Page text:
But in saying that one has to bear in mind that there are considerable reservations expressed by the people of the permanent overseas service in Papua New Guinea. It is difficult for me to say whether their fears, their reservations are justified in whole or in part. There does appear to be, and to have increased in the last 6 months or so since I was there, a certain lack of trust that this Government may implement and arrange those things which it wishes to implement and says it will arrange. I think it is perhaps unfortunate in relation to these negotiations in this matter of trust that the proposals put forward by the Minister appear to have been somewhat modified by the Cabinet.

The amount of money to be involved ultimately is not known but it will probably be substantial; of the order of $50m or so. So we are not talking about peanuts. Nevertheless we are talking about the lives of people who in some cases have worked decades in the Territory and from my observations, whatever the observations of honourable members opposite might be, these men have had an almost universal dedication to the task in hand. I must say that I was considerably surprised to find the universality of the apparent inclination of these people to get out in favour of local people taking over their jobs in due course. So it is not surprising that when they get out, if they do, they want to get out under fairly substantially shored-up conditions. They have in mind, of course, the model of the British treatment of Britain's former colonial servants who were given very good treatment indeed. I think it must be said here that the conditions are probably a little different. The writing has been on the wall in Papua New Guinea for quite some time. It has been spelled out increasingly over the years, so that it is not quite the situation that the people have suddenly been confronted in the space of a year or two with a rush of nationalist movement. They have not suddenly found a Papua New Guinea equivalent of Kenya or some African State coming under other ownership. I think we need to bear that qualification in mind.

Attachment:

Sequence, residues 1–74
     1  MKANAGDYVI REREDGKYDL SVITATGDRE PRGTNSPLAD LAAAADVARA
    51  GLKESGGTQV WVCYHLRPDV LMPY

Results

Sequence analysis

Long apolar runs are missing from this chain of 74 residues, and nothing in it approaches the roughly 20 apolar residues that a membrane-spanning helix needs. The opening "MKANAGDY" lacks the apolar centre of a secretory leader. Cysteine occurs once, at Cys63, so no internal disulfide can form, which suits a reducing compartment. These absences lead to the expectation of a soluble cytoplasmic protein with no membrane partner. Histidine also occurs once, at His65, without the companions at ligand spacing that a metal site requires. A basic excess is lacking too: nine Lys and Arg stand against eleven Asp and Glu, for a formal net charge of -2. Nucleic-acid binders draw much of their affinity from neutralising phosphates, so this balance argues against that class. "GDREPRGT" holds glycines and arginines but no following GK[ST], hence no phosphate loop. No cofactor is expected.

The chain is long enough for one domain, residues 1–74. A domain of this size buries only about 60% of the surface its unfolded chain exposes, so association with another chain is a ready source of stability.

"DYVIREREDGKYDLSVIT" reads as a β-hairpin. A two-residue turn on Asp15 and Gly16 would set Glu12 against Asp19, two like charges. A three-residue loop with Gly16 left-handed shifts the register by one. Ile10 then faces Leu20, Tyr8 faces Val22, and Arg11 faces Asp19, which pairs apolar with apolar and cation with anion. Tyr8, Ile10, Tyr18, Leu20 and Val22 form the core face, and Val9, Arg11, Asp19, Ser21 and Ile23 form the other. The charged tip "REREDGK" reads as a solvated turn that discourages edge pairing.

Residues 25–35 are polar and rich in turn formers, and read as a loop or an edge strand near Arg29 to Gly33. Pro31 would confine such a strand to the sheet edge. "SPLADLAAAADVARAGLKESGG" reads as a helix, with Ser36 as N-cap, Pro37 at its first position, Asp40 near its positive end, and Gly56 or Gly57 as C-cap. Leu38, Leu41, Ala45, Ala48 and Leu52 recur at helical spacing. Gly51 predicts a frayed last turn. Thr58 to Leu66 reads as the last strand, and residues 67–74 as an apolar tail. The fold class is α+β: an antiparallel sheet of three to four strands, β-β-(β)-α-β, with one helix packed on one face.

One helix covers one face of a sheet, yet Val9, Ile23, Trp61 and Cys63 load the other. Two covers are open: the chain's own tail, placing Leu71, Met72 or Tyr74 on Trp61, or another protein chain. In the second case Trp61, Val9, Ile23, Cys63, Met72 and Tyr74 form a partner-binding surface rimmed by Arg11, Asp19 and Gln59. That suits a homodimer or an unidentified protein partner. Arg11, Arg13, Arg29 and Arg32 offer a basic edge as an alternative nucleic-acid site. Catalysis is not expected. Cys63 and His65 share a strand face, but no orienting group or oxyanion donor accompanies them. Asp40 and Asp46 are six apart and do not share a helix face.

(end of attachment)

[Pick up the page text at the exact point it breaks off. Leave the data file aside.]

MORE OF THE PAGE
But my main point here is that whatever this Government has decided or will decide shall be the terms under which the permanent overseas officers leave the Territory, if they wish, or stay there, if they wish, it is most important that there should be the utmost in negotiations, so that the best possible compromise can be achieved. In this way these people who have served New Guinea so well and who have served the arm of government in this country so well may come out of that Territory, if they do. with reasonable peace of mind and reasonable security in the future.

The second point in relation to this movement to self-government that 1 want to make is this: Only the other day the question of regionalisation of government was brought up. Mr Oala Oala-Rarua in particular has advocated not only that there should be the Territory government in the House of Assembly - 1 presume there will still be the local government councils or their equivalent - but also there should be an intermediary level of government on a regional basis. If I remember correctly the 'Sydney Morning Herald' editorial this morning set out very well the problems involved in carrying out that proposal. I think I made mention of this in my last speech on the Territory. I believe that the situation now is as I saw it then. Who would wish on the Territory of Papua New Guinea or an independent Papua New Guinea with a couple of million people, having a substantial problem with large areas of land differentially occupied in terms of population density and even in land use, a 3-tier system of government which half the speeches in this House deal with as being a major problem of national operation? It seems to me that the local government councils, all, as far as I can see, astute bodies of people, represent local interests very well. The House of Assembly in a relatively small population should adequately be able to cull what there is on offer. I think there should be very great circumspection exercised in any possibility or contemplation in a serious vein of introducing a formalised and to that extent, once implemented, a relatively inflexible third or middle tier of government in so young a territory as Papua New Guinea. I very much hope that the present arrangement with whatever modifications may be necessary could be made viable and could continue that way without formalising or stiffening the situation any further than is absolutely necessary.